- What the North Bridge and South Bridge Do
- Mobo Integration Madness
- What We Look for When Testing Motherboards
- How We Test Motherboards
- Careful Considerations for New Mobos
- Our Top Pentium 4 Chipsets: Intel's 875P and 865PE
- Also Solid: ATI's Radeon 9100 IGP
- Pentium 4 Chipset Pretenders
- Our P4 Mobo Recommendations
- The Back Story: Summer of Athlon XP
- Enter the 64-bit Chipset
- Why Hasn't Intel Integrated the Memory Controller?
- Looking to Overclock?
- Looking Ahead: Future Chipsets & Mobos
- VIA Makes Its Move
- Prepare for BTX
- New Sockets Forthcoming
The Back Story: Summer of Athlon XP
Prior to AMD's ground-breaking release of the Athlon 64 at the end of the summer in 2003, the Athlon XP was the cost-conscious CPU of choice. There were really only two companies making performance chipsets for this platform at the time: nVidia and VIA. While chipset manufacturer SiS also made Athlon chipsets, they were targeted at the budget market, and weren't as refined or feature-filled.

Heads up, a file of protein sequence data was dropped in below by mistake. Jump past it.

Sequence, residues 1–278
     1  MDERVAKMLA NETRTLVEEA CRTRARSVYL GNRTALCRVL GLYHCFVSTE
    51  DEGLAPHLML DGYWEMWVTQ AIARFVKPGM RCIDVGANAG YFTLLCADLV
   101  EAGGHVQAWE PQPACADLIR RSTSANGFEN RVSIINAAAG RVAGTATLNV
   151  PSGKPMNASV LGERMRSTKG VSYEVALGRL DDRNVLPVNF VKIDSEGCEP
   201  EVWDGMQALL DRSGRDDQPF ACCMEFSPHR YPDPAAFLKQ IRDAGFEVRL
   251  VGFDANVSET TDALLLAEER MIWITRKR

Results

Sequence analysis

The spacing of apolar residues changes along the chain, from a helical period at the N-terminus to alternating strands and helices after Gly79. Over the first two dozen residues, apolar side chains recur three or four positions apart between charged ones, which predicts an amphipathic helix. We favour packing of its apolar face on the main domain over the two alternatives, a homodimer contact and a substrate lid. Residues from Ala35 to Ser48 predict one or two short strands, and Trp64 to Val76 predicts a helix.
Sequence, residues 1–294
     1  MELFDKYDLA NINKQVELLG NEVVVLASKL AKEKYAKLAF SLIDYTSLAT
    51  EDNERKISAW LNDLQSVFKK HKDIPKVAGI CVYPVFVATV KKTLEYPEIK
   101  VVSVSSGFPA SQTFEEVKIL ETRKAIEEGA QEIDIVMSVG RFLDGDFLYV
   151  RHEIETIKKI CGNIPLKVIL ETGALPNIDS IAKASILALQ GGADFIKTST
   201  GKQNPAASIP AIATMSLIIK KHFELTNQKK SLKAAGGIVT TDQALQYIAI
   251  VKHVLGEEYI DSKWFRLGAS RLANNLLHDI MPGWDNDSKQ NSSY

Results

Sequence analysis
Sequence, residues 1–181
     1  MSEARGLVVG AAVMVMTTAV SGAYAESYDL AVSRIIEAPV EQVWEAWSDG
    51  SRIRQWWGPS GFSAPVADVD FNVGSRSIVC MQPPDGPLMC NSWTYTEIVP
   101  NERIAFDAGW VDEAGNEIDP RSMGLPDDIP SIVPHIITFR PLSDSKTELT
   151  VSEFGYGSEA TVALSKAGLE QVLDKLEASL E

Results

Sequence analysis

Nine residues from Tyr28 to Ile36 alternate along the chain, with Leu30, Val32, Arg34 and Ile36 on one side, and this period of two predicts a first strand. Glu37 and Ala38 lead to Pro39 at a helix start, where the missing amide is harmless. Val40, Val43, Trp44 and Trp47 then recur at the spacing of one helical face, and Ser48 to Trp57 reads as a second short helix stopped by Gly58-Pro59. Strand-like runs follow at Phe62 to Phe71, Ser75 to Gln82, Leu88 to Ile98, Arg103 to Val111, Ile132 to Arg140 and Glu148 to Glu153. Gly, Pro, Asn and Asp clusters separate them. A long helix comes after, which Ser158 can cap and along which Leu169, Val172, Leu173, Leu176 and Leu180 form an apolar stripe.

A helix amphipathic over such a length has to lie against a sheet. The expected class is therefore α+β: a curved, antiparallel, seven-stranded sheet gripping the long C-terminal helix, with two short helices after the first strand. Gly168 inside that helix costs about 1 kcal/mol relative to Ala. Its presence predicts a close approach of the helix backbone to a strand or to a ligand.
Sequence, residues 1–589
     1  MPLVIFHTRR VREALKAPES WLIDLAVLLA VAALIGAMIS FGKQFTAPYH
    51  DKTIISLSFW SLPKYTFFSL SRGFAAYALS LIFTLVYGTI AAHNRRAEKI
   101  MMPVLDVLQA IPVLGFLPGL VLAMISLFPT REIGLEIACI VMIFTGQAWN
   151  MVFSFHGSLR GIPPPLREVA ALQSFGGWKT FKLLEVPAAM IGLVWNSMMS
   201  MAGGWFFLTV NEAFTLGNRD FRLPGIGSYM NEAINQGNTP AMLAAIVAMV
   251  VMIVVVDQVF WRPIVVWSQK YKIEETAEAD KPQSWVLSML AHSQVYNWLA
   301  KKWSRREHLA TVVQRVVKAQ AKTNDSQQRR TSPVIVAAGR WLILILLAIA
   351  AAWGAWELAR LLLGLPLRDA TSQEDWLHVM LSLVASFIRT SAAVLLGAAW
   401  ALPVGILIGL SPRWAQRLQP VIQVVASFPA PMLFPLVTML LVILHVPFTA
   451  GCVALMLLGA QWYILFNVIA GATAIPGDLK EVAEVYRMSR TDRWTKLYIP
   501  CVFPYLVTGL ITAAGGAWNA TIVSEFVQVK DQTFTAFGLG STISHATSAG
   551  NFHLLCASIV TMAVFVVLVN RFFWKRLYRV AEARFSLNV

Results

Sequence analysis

Back then, nVidia's nForce2 Ultra earned our highest recommendation in this category, with such features as built-in Dolby 5.1 audio, 10/100Mbps LAN, AGP 8x support, a dual-channel DDR400 memory controller for maximum memory bandwidth, and optional GeForce4 MX-level integrated graphics. VIA's KT400A offered DDR400 memory support, but only in single-channel configurations, and also lacked 400MHz FSB support. Unfortunately, VIA's reputation for stability problems, which the company would attempt to address toward the middle of 2004, made us slightly tentative.
Our top mobo picks for the Athlon XP platform were the Asus A7N8X Deluxe and the MSI K7N2 Delta-ILSR.
Of course, late in the summer of 2003, AMD rocked our world with 64-bit computing. Let's take a look at those chipsets and motherboards.